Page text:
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Understanding The Chartists

The Chartists

In the investment world - and I use that term to distinguish from the trading world - we are quite familiar with the concept of fundamental analysis. This, of course, is the methodical picking over of a company's financial statements and business prospects to arrive at an estimation of fair value and to compare that value to the current market price. Fundamental analysis is the reliable meat and potatoes of the fund management business. Less frequently spotted in this world is a somewhat more exotic life form - the technical analyst or "chartist". In this post, I will use the term technical analysis and chartism interchangeably, as is the custom. Traditionally, chartism has been viewed with some skepticism (if not outright contempt) by a significant segment of the professional financial community. Nevertheless - and notwithstanding the fact that technical analysis as a rule is much more applicable to the short-term give and take of the trading world than to the formation of long-term investment strategies - it can be useful to know a little bit about what the chartists actually do and how they think.

The Essence of Chartism

The basic difference between fundamental and technical analysis is that the latter is concerned solely with the price and volume movements of a company's stock. That is to say, a chartist is not in the least bit concerned with whether he or she is dealing in the shares of Apple, or General Electric or Toyota, nor with anything about those companies' products, sales trends, after-tax net cash flows or number of satisfied customers. All the technical analyst cares about is what's on the chart - the stock's daily open, high, low, close, and the volume of shares traded. The technical analyst believes that any fundamental information about the company is fully reflected in the stock price and does not need to be subjected to any further analysis. What this analyst believes is worthy of analysis, though, is what a series of daily (or hourly or even per-minute) price points says about future direction. The chartist believes in trends - i.e. that once a trend has been confirmed, that prices will be more likely to continue in this trend than to reverse. But eventually, any trend will reverse, right? Yes, and the way the technical analyst takes action on this is to look for patterns. These patterns can go by some rather colorful names, like "head-and-shoulders" or "saucer-and-handle". Technical analysts have perhaps deliberately cultivated an image of being a rather mystical, Zen-like breed. And they are meant to inform traders as to when a particular trend is likely to reverse, when it is more probable to confirm, or when a directionless market is likely to break out one way or the other.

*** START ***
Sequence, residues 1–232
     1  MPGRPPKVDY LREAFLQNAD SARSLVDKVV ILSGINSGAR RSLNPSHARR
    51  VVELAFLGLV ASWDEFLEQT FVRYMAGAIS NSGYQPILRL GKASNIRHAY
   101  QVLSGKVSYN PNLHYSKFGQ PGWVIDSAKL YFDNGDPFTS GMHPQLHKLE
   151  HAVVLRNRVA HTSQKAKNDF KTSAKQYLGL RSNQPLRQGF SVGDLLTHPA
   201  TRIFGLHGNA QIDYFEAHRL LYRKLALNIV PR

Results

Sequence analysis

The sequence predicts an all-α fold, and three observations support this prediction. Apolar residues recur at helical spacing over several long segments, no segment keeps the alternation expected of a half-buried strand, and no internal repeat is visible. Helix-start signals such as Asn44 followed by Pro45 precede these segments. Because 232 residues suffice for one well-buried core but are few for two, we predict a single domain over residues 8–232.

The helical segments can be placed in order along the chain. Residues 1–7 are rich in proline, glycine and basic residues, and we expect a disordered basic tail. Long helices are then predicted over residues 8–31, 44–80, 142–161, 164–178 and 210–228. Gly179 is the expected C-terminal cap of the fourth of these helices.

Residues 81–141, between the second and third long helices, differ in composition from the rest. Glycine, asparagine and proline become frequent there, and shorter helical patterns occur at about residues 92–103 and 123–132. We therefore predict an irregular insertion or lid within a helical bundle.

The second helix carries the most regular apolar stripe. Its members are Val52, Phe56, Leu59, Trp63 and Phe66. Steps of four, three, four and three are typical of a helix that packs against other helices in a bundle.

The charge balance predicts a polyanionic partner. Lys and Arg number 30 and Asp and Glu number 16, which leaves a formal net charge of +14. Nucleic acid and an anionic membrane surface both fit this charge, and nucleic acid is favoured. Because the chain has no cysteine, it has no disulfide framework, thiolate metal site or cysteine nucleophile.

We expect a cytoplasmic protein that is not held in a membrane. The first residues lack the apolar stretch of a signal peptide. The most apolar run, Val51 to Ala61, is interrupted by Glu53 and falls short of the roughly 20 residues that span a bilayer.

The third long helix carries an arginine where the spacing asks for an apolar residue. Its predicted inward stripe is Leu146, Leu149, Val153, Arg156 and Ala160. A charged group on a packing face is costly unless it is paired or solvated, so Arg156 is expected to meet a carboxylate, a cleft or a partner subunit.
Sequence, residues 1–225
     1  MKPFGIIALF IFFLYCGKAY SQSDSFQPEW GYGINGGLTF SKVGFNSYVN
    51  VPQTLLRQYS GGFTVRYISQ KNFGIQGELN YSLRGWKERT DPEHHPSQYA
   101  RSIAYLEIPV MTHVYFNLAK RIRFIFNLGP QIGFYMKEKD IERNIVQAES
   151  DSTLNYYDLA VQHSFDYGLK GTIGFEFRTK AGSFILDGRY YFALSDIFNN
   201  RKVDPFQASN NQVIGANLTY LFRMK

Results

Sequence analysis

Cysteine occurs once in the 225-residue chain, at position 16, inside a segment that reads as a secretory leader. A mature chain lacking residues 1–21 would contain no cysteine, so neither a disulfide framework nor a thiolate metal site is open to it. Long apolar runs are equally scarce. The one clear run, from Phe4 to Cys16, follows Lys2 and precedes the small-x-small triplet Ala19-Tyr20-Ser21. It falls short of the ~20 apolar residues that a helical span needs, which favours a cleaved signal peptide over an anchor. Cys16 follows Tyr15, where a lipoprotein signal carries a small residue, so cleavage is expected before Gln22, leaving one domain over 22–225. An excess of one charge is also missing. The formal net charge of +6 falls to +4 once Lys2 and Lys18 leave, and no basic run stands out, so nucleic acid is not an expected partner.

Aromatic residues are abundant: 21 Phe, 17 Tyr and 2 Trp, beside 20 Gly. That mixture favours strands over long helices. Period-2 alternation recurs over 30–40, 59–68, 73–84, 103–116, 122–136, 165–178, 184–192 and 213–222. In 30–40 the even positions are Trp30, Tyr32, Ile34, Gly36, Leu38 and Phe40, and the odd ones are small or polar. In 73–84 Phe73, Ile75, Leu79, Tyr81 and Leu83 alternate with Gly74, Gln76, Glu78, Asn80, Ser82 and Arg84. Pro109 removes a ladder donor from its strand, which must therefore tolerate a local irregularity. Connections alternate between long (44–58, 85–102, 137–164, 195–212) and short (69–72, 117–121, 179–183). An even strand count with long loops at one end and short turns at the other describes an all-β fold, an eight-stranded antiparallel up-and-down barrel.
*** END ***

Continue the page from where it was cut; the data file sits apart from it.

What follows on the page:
Case in Point: Support Lines and the S&P 500 in 2011

Why does any of this matter to goals-oriented, long-term investors? Probably the most important reason comes back to the psychology of investment markets. Our long-term assets are out there in the mix of the day-to-day trading roller coaster and it helps to understand the psychology of this environment. Momentum trends happen, in part, because investors believe they happen, and they put their money where their beliefs are. Consider the support line - one of the staple tools in the technical analyst's arsenal. In August 2011, the S&P 500 managed four times to graze the level of 1,120 without closing below it, while on one day, the intraday index fell below the 1,120 level, but closed substantially higher. Thus 1,120 became a technical support level for the S&P 500 - traders believed the market was more likely to resist falling any further, barring any new developments. That support level carried through September and into October - several times the index would approach 1,120 and then back off to close above it. On October 3rd, the index plunged below the support level to close at 1,099. Traders using chartist tactics could have seen this as the beginning of a new phase of the market meltdown and gone into short positions. But others, holding off for a day to see whether this really was a new trend, were the ones who profited. On October 4th, the S&P 500 fell to an intraday low of 1,074, but then jumped to close at 1,125. The support level had been maintained and, in fact, the October 3rd close was the low point of the 2011 market correction.

Does It Really Mean Anything?

Is there any real meaning to the support line, other than as something that is easy to show in hindsight, but much more ambiguous in real-time conditions? Maybe there is, maybe there is not. But even disciplined long-term investors can benefit from knowing what is going on in the market at any given time. The fact is that during the August-October correction, traders and market chatterboxeswere invoking the 1,120 support level and that made it at least somewhat meaningful. It is not necessary to agree with the professed eternal truths of any given investment philosophy to acknowledge that they can influence market behavior, and therefore that they are worth at least knowing something about.

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Disclosure: I have no positions in any stocks mentioned, and no plans to initiate any positions within the next 72 hours.